Dang Modern Kids, With Their FaceTube And Their YouBook And Their Hula Hoops
It’s a huge phone by modern standards – almost an inch thick – and since it lacks a folding cover to prevent the buttons from pressing themselves against things in my purse, I store it in a hardshell sunglasses case where I also keep a piece of paper with my cell phone number written on it, and my boyfriend’s cell phone number, and my boss’s from two jobs ago. (I told you, it’s an old phone.)
But I recently dragged my cell phone out of retirement – by “retirement,” I mean “the very back of the cluttered desk drawer where I finally found my cell phone” – because one of my part-time freelance gigs requires me to make occasional daytime long-distance calls I won’t make from my work phone. My voicemail box was completely empty – apparently the phone company deletes old messages after 18 months or so – but I was surprised to see a few recent text messages waiting in an inbox.
I deleted them immediately, since only spammers would send a text to that number. I’ve never sent one, partially because I prefer e-mail for written communications but mainly because the amount of money my per-minute cell phone would charge to send even a tiny message is insane.
And it’s not just my phone that charges a fortune for text messaging – we’ve all seen the occasional headlines about teenagers running up insanely high text-message bills, and the high cost of text messaging is now the subject of hearings on Capitol Hill.
Consumer Reports reported that text messaging is overpriced.
[Consumer Advocate Joel] Kelsey emphasized that text-message files are very small—with five hundred of them containing less data than a one-minute voice call, he says. Further, Kelsey points out, there’s been an “explosion of texting” in recent years, with carriers reporting up to a six-fold rise in text transmissions within just a few years.It seems pretty obvious that yes, the cell phone companies are charging huge sums – and making huge profits – from text messaging as opposed to regular cell phone calls. Billing the occasional teenager – or even adult – $5,000 for a service that likely only cost them a few bucks to provide doesn’t win them slimefree status, either.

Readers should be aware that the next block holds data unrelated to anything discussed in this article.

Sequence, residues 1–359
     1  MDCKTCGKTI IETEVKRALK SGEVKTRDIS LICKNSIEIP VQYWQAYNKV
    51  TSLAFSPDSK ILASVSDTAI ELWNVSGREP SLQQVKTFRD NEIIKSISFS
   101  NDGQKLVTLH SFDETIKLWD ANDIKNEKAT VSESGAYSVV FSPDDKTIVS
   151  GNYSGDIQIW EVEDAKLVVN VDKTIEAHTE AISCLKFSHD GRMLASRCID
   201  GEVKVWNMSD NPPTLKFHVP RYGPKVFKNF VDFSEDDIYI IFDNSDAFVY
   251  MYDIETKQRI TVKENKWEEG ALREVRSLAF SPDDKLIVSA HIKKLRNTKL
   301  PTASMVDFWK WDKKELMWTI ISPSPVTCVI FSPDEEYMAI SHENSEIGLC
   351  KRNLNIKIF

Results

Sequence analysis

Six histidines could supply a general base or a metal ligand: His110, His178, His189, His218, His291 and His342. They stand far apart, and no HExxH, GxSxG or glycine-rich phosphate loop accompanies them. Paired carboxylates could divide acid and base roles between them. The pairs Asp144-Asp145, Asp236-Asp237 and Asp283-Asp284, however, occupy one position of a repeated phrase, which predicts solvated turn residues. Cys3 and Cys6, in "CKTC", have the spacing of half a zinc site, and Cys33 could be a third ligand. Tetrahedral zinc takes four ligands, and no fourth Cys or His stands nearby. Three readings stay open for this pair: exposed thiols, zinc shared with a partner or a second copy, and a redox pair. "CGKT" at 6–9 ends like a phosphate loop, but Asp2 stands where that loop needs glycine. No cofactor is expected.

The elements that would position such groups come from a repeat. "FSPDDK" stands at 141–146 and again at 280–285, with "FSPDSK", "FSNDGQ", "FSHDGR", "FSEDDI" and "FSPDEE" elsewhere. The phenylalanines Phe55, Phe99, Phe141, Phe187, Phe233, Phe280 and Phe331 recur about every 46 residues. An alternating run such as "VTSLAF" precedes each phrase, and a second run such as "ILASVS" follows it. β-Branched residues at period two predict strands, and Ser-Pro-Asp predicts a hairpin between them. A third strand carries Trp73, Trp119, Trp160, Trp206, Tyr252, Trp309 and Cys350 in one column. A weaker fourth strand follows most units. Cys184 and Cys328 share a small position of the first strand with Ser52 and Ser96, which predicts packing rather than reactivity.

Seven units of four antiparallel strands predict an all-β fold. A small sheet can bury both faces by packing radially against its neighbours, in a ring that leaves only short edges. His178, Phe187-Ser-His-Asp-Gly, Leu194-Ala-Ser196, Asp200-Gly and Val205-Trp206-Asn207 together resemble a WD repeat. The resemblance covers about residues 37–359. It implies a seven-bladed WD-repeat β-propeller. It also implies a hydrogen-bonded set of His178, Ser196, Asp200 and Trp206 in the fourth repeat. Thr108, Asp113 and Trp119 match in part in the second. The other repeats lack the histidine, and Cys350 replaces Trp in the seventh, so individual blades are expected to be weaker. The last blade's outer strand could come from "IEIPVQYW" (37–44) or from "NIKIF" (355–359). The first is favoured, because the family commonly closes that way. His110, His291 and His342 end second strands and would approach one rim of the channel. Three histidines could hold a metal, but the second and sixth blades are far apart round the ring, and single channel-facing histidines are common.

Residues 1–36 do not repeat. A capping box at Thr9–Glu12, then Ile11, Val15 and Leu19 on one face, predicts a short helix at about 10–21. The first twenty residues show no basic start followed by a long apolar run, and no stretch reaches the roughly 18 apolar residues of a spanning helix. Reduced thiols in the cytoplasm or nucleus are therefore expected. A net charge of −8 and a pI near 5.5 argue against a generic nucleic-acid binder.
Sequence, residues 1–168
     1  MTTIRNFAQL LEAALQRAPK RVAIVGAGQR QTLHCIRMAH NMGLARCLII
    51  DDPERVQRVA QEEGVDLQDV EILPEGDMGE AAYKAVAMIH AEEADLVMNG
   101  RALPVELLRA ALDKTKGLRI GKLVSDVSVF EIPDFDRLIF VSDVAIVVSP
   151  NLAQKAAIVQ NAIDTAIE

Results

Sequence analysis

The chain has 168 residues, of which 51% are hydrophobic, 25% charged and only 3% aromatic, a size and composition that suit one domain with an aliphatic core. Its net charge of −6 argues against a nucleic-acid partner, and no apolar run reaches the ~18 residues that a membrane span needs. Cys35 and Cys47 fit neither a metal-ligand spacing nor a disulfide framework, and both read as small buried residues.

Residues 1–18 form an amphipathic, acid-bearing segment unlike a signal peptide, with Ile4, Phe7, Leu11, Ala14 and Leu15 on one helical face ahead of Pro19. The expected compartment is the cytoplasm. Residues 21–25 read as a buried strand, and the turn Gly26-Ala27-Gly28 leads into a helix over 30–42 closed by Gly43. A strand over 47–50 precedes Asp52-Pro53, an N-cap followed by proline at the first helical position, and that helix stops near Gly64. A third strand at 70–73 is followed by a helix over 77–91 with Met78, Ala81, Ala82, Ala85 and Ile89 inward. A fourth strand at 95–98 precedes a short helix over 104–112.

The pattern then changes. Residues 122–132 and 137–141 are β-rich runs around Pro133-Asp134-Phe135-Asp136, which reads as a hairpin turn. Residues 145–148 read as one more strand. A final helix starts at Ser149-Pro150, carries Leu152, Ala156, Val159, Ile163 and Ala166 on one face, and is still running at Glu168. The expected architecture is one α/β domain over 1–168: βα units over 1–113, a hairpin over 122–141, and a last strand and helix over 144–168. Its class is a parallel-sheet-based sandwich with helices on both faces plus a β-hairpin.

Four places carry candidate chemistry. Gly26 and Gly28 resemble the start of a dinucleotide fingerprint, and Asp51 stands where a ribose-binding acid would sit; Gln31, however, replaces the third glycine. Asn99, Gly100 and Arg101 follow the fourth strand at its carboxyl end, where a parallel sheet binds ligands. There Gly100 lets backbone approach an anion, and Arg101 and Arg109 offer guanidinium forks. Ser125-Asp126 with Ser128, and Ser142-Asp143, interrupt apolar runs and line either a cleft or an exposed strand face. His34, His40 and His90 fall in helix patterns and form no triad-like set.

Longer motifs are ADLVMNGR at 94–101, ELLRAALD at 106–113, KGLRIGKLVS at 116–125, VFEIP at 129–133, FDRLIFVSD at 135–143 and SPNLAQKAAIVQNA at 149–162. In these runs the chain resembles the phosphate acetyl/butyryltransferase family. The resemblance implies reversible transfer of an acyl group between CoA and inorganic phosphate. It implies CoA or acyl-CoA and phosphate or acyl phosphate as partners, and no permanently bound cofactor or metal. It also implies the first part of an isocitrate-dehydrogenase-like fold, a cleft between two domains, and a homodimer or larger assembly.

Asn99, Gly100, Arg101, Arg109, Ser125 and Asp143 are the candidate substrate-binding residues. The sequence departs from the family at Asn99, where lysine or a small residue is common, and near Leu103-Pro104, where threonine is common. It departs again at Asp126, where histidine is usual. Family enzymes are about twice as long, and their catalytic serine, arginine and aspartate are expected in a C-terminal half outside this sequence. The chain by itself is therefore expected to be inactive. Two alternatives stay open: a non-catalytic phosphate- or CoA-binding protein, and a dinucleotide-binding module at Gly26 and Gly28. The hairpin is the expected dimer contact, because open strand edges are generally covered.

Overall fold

“Carriers should be experiencing economies of scale and sharing that savings with consumers,” says Kelsey. Prices are discounted heavily for text messages bought in monthly bundles that typically run into the hundreds. But carriers have steadily, and in lockstep, raised the price of sending single texts.
As CU has noted, less than four years ago rates to send a text message were 10 cents per text at the nation's four big wireless carriers: AT&T, Sprint, T-Mobile, and Verizon Wireless. Each company then raised rates to 15 cents, then to 20 cents.
To CU, these text-message rates, along with exclusivity deals for certain cell phones, exemplify the need for “more oversight” into the wireless marketplace, to “determine if government intervention is necessary.”
But I also see phones with unlimited text messaging plans advertised on TV every night, and I can’t be the only one noticing these commercials.
Once I talk through all the paid-for minutes on my cell phone, if I talk through all the paid-for minutes on my cell phone, I might switch to an unlimited calling plan, if it looks like I’ll make enough calls to justify it. Otherwise I’ll continue my pay-as-you-go scheme. It’s a hell of a lot more expensive for each individual minute I talk, true, but cheaper by the month when you consider how rarely I use it.
Same thing if I start text messaging. Right now, if some emergency absolutely demands I send somebody a text message I can do it, though I’ll likely pay around a quarter to send just a few lousy letters to the receiving phone. Still, 25 cents every so often is still cheaper than 20 or 30 dollars a month for an unlimited text messaging plan I’d certainly never use.
Sounds simple enough to me. So why, exactly, is government intervention in text messaging supposed to be necessary?
Damned kids need to get off my lawn. Or at least stop trying to regulate it.